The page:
Montana sports betting bills head to Governor
Two bills that would legalise certain forms of sports wagering in Montana have been passed to Governor Steve Bullock to be signed into law.
HB725, also known as the Sports Wagering Lottery Amendment Act of 2019, has been cleared by the House, while SB330, or the Montana Sports Betting Act, has progressed after a vote of 33-17 in the Senate.
Bullock has until the end of the current legislative session on April 30 to sign one or both of the bills into law, or Montana would miss out legal sports betting for another year.
Upon passing through the Senate, minor amendments were made to the bills, but core information as to how the market would be run remain unchanged in each piece of legislation.
HB725 was last week referred back to the House after passing a Senate vote by 34-14. The bill proposes making the Montana Lottery the sole operator of sports betting services in the state across online, mobile and land-based.
The bill also set out plans to establish a state lottery and wagering commission that would take responsibility for operating of sports betting services and also regulate the market. Only licensed vendors would be permitted to offer sports wagering.
Despite having progressed this far through the legislative process, the bill does not disclose details such as how much licences would cost, nor at what rate sports wagering would be taxed.
The only fee referenced in the bill was a $50 charge to cover the cost of both investigating and processing licence applications, but this has since been removed.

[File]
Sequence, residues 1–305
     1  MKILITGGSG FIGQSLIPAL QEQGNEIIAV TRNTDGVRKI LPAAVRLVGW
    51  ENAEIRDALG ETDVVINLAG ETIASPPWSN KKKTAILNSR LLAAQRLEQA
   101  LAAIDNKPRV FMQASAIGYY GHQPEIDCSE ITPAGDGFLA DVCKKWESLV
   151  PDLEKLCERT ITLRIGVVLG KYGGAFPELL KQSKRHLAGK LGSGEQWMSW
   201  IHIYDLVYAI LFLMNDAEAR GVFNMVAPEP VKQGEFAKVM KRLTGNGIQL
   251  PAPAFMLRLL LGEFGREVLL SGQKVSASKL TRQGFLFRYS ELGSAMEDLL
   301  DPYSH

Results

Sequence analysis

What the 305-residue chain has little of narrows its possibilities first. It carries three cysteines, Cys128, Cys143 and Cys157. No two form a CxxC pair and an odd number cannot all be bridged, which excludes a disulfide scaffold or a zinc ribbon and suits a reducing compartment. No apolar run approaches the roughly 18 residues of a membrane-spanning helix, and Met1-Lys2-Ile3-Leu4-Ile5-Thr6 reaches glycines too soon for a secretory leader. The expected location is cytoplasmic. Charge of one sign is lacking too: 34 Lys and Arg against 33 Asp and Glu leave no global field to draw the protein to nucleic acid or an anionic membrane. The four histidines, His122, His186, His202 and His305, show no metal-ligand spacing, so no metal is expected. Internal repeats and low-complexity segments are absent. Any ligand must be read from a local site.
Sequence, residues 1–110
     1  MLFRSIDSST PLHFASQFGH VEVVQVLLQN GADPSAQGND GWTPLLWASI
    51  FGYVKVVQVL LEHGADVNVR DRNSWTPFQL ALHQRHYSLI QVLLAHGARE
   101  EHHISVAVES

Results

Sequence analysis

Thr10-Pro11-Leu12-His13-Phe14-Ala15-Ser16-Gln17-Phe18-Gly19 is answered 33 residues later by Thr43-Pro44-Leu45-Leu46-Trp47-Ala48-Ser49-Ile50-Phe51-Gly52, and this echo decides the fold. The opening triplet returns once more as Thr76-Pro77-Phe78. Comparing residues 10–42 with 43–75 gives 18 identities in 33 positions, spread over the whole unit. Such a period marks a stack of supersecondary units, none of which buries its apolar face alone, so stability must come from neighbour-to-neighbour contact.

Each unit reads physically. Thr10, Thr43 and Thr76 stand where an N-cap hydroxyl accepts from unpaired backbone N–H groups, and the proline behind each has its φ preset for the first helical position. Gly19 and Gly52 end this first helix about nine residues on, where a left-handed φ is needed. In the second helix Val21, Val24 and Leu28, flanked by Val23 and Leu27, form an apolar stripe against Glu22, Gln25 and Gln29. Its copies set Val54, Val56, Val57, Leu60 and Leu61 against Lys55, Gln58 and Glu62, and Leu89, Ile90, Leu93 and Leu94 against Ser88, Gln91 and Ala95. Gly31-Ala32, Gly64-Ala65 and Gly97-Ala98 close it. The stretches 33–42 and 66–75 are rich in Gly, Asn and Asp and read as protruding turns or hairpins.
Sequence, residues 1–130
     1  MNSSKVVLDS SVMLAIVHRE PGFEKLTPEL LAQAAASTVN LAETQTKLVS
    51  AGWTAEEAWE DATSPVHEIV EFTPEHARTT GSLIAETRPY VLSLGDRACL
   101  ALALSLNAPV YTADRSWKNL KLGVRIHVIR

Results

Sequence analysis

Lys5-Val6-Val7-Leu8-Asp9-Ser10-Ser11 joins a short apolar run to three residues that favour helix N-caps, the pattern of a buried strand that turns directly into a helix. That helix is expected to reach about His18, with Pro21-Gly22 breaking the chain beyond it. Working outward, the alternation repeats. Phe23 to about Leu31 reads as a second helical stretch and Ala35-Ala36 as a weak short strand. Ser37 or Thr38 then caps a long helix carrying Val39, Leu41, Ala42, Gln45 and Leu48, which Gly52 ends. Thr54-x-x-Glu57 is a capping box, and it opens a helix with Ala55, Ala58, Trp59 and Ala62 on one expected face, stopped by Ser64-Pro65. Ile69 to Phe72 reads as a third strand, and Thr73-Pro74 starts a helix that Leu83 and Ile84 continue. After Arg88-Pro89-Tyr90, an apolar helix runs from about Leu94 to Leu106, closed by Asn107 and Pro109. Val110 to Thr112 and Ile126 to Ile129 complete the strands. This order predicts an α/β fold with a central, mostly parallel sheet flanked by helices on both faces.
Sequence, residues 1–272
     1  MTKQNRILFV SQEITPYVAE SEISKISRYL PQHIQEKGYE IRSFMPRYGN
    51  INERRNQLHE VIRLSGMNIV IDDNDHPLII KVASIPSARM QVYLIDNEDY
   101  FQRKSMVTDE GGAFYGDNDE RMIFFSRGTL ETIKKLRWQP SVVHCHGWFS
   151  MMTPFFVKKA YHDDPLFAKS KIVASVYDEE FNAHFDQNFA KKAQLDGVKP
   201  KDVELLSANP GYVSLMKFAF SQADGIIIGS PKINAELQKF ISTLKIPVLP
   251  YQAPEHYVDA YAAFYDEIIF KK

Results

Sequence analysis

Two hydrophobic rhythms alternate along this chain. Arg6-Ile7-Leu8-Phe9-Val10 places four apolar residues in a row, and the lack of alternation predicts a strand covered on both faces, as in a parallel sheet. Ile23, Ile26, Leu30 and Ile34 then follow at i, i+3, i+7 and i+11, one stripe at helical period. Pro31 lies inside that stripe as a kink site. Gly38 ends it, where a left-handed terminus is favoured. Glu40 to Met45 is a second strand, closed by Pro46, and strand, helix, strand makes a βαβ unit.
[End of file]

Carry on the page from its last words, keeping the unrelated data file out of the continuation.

Meanwhile, SB330 has passed the Senate after an amended version was returned by the House on April 15. The bill sets out plans for a more open market, with proposals for licensed operators to offer interactive sports betting platforms via a website or a mobile device to consumers inside or on the premises of a licensed gambling facility.
Unlike HB725, this bill is much more detailed in terms of how much operators are likely to pay in terms of licence fees and taxes, should it come into law.
Licensees would pay tax on a quarterly basis, based on 8.5% of their adjusted gross sports betting receipts for the period. Operators would also pay a yearly fee of $100 for each kiosk placed within a gambling facility.
In terms of licences, operators would need to pay $1,000 to secure a permit to offer sports betting in Montana. There would also be an annual renewal fee of $1,000, with licences expiring in June 30 each year.
Licensees may work with a third-party in order to run a sports betting platform. Such partnerships would be covered by an associated gambling business licence, which would permit the leasing of sports betting equipment, systems, or other items necessary to offer sports wagering.
Meanwhile, discussions over a third bill - HB475 - aimed at legalising pari-mutuel wagering in Montana, have been indefinitely postponed.